Think of the times when you let your hair down with your closest friends, acting like buffoons and laughing hyenas, having the times of your life.

If we offstage transfix our friends, family, and ourselves with our storytelling, then why do so many of us turn into boring, talking-head stick figures once we start talking to an audience as part of our professions? Part of the reason is performance anxiety, stagefright, and anxiety over the reaction and evaluation of our bosses, if we have them. Another part is not having embraced being our entire real and living selves in each moment that we spend on this planet. Audiences want at least a glimpse of others’ best real selves, warts and all.

Therefore, a great trial lawyer does not need to bog down with endless powerpoints that lead the story, rather than having a few powerpoints here and there to underline the story. The great trial lawyer instead can become the powerpoint machine, the movie camera that gives us several screen shots including panning and closeups and widescreen views, and the sound effects that help move along the story.

We were born with arms and hands, and can use them in moderation to make points. We were born with legs and feet, and can move around the courtroom to represent transitions in our story or the scene. Even in the federal courthouses and any other courtrooms where rules or judges glue lawyers to the podium, we still can still change our standing, body, and head positions to introduce and underline key points.

With our voices, we can use crescendo, decrescendo, stacatto, legato, and close to musical notes to move the story along and in the direction it belongs. And we can do all of these body movements and vocal approaches naturally, without over-choreographing and overplanning, because most people are simply in the moment when talking off-stage in their day-to-day activities.

Of course, when persuading an audience, the persuader does not want to burden the audience with information overload; with data, facts, figures, names, and dates that seem too dizzying to remember; nor with unnecessary (and unsettling and distracting) bickering with the other side nor with the judge. The persuader, after all, is here to help take care of the audience, from assuring a comfortable room that is at the right temperature, to assuring a reasonable number of breaks for the restroom and to stretch, and to assuring the audience has enough time to eat and take care of their personal affairs.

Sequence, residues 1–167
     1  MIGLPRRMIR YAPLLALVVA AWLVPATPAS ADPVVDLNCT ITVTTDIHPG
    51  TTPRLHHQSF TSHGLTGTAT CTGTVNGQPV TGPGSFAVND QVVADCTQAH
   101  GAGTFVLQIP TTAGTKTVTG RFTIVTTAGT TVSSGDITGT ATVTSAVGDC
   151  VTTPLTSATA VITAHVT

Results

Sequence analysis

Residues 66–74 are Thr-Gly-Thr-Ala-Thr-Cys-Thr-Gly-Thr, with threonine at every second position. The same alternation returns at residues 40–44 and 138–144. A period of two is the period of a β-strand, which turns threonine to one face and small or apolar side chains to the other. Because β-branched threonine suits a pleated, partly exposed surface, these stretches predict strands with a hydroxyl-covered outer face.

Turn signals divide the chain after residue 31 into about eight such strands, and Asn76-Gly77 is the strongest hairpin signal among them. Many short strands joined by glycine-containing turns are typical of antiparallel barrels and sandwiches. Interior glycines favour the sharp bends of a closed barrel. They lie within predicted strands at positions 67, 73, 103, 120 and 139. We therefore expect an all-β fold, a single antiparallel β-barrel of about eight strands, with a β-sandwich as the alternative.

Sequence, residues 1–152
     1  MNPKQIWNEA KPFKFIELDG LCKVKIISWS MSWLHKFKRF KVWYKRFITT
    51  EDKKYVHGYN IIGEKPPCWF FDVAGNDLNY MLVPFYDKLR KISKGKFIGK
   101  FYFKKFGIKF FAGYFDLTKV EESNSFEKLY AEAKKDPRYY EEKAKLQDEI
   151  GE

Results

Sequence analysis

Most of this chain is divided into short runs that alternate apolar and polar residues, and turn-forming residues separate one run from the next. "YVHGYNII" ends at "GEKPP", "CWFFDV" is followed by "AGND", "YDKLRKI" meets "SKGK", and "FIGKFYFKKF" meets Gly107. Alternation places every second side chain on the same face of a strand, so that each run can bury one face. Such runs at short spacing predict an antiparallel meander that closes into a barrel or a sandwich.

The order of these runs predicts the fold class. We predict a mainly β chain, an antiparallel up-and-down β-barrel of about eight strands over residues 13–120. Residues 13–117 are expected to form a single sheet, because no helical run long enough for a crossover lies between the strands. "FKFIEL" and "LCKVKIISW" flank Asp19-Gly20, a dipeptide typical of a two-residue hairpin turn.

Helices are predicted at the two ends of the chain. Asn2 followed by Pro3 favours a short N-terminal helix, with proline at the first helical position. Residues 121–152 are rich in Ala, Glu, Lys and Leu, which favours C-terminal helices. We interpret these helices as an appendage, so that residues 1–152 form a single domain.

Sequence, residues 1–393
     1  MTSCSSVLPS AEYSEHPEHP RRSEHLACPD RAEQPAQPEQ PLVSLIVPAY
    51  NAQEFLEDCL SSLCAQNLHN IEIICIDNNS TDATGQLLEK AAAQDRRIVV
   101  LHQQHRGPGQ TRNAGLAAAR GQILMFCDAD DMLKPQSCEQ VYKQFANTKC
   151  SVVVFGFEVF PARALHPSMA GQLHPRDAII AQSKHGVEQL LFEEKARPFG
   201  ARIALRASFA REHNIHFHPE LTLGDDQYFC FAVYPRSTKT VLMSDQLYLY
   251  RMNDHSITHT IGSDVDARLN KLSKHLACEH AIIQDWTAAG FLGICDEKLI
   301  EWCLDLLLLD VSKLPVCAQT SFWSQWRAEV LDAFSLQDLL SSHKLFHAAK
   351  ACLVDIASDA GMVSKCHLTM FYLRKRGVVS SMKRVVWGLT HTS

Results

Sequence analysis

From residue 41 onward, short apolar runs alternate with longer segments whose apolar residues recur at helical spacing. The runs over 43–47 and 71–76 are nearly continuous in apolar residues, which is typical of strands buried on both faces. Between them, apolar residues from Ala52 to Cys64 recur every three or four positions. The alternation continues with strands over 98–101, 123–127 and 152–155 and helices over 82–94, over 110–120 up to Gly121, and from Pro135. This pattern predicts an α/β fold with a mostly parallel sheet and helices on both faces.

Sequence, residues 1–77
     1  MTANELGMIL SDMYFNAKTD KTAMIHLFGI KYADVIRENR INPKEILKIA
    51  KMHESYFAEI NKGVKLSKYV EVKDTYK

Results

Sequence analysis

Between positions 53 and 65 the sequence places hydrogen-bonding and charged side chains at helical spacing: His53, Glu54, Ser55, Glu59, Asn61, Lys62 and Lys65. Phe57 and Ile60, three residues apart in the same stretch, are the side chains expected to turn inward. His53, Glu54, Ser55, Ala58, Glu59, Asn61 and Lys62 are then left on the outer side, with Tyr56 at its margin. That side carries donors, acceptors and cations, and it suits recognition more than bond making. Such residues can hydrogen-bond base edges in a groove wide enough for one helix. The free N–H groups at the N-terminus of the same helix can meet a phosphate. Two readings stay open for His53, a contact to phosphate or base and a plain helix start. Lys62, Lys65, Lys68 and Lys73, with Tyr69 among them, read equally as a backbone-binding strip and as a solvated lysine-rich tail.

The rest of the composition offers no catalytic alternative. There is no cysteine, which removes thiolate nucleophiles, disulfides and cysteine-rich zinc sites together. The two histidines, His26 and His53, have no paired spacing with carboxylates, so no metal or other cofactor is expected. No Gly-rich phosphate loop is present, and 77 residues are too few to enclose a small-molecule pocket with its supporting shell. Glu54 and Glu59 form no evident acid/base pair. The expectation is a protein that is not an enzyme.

In helping the audience process the persuader’s information,  and even the information provided by the opponent as well, the trial lawyer can break a large series of points and ideas into chapters, and can introduce the transition into new chapters and ideas through saying something during cross-exam or direct-exam or opening and closing argument along the lines of “Now let’s visit the next day, when Conrad arrived at the scene.” The persuader can admit that a large amount of data will come into evidence, and can underline some of the most important evidentiary items to remember, without suggesting ignoring the remaining information. The persuader can provide mnemonic devices to remember some key facts in the case; for instance, I would not be able quickly to name all the Great Lakes without the HOMES acronym for Huron, Ontario, Michigan, Erie and Superior

Of course, the audience’s intelligence and dignity must never be insulted. The trial lawyer is not there to shove ideas and concepts down the audience’s throats — nor to boil  them down to to the common denominator of an infant — but instead to credibly, persuasively, and interestingly present and package the evidence in the light most favorable to the lawyer’s client.

If the trial lawyer has done his or her job well enough, at the end of the trial, not only will s/he win, but will leave the jury and judge wanting to hear the lawyer talk even more, rather than rushing to their cellphones to catch up on all the emails and texts that arrived while the lawyer was onstage.